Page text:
I was excited for you though…your first beta is 329. So far, so good! Continue your medications and I will call you on Thursday to let you know how things are looking.

Congratulations and I’m sorry about being impersonal with the email!

Sweet, right? Waiting until Thursday would have been torture.

In any case, 329. Which is high, even taking into account the fact that I tested a day late since I was out of town. Not that I'm questioning my decision to transfer three embryos - yet, anyway. There are so many hurdles between now and the possibility of then that I'm not even going to think about any of it yet. First things first - or, in this case, second things (next beta) first.

Thanks for all of your lovely comments, too - it meant so, so much to me. Of course, after my laptop died my dad had offered the use of his computer, but I was too nervous to use it while everyone was around. I would wait until they were all asleep and sneak back into the family room to check my reader. It was so wonderful to feel cheered on and congratulated in the wee small hours!

Saturday, July 11, 2009


Am visiting parents, laptop crashed, have no privacy, pee stick postive.

Lab tests Tuesday and Thursday.


Monday, July 6, 2009

Chill, Baby

Two of my embryos made it to freeze. I have to say, it never occurred to me that I would have anything left over.

I'm also not sure how I feel about it - two lesser-quality embryos sitting there, waiting. If this cycle doesn't work, I would prefer to do another (pre-paid) fresh one than rely on two slow-poke leftovers. I'll have to go back and read my plan to see if I am required to use the frozens first. If so, I am screwed out of another fresh cycle, since my plan runs out in September.

But, at the same time, in researching CGH I learned all too well that the best-looking embryos are not always the normal ones. In fact, it seems more often than not that the normals are the medium=good ones. Of course, there are a million reasons that this is not statistically reliable outside of that particular testing. For one thing, many people who choose CGH already have a history of abnormalities.

I would have loved to know for sure that I had a genetically normal embryo. And if I go through this again, I may opt for the testing after all. But there seems to be a lot of stress attached to the process, in terms of the additional wait, the high instance of "no result" reports, surviving the thaw, worrying about mosaicism. We decided to just cross our fingers and hope for the best - not very scientific, but since I still have to worry about whatever it is that happened in my last second trimester, we figured we'd save the money for all the fancy specialists that our insurance won't completely cover.

For now I know that if I DO get pregnant, I am going to do amnio as soon as possible. Once upon a time I was so low-intervention that I didn't even take tylenol unless something drastic happened. Now, just get me as much information as possible. If things go awry, I want answers.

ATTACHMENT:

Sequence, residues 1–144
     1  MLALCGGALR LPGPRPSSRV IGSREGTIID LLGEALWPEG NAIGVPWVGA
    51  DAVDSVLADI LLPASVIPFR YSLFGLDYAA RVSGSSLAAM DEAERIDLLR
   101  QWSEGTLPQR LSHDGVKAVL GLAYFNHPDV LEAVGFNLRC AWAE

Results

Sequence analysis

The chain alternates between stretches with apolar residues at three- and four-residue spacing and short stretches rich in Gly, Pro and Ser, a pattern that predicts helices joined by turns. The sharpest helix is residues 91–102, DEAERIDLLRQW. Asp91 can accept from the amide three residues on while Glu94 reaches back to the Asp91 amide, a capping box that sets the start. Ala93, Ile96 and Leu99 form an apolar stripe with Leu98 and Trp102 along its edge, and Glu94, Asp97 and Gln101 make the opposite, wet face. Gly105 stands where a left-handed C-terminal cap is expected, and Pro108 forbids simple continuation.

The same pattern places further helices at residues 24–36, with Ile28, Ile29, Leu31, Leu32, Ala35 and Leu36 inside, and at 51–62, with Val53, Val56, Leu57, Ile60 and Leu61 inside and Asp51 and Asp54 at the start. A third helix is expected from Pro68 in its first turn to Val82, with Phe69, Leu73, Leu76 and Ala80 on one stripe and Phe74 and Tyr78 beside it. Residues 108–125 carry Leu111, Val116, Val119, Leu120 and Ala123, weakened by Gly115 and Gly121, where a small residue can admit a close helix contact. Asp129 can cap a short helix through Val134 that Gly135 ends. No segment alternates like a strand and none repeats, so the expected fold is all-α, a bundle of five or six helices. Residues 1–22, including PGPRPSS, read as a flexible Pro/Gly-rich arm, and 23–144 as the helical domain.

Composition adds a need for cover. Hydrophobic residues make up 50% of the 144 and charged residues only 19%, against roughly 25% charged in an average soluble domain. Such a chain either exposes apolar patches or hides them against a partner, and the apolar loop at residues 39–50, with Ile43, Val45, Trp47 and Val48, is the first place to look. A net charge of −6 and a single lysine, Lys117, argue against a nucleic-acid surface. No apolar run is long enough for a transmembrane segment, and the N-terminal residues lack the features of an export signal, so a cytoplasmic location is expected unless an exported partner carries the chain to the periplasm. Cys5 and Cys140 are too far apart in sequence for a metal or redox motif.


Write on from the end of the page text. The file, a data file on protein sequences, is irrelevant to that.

In the meanwhile, I'll be traveling at the end of the week, so I'll have to bring my pee-sticks with me. Do you think anyone has ever POAS in one of those little airplane bathrooms?

Saturday, July 4, 2009

0 to 100

So, this is my 100th post. Which may a cause for celebration, but I have some better 100s today.

100% of my embryos made it to day 5. When the doctor came in to talk about how many to put back he was so excited for the good quality that I actually felt a little zip of hope run through my veins. I asked him if he could surgically remove it, but he seemed to think it was a good thing.

We put back the 3 best ones. The whole time we were deliberating on the number to transfer, I was thinking of Sky and Wombded, the opposite ends of the transfer spectrum. Both made really well-considered choices about the number to transfer for their own circumstances, and I am just hoping that it works out as well for me. It's always scary to think about having a pile of babies, but it's also a matter of being realistic about the chances of even getting pregnant. The doctor and I talked a lot about success rates, twins, and SR. With three embryos, my chances of triplets are about 1.5% and my chances of just one are only about 30%.

Still, the fact is, embryo quality has a lot to do with success. Many clinics use an embryo-rating system of an overall number grade followed by two letters. The number describes the outer shell, cavitation and expansion. The letters describe the inner cell mass (the baby) and the outer cells (the placenta). Which makes it easy to see why a "A" baby cells and "D" placenta cells would be bad.

Of course, my clinic has their own special system which involves an overall number rating (1-6) and a 1-100 score that includes inner and outer cells, some kind of enzyme released into the culture medium and a lot of visual assessments by the embryologist. Anything under 70 doesn't really have a chance. We looked at the low-res images of the embryos and they showed me the blob of inner cells and the rings of outer cells. These weren't nice clear pictures like the ones from IVF websites - they were sort of like security-video images.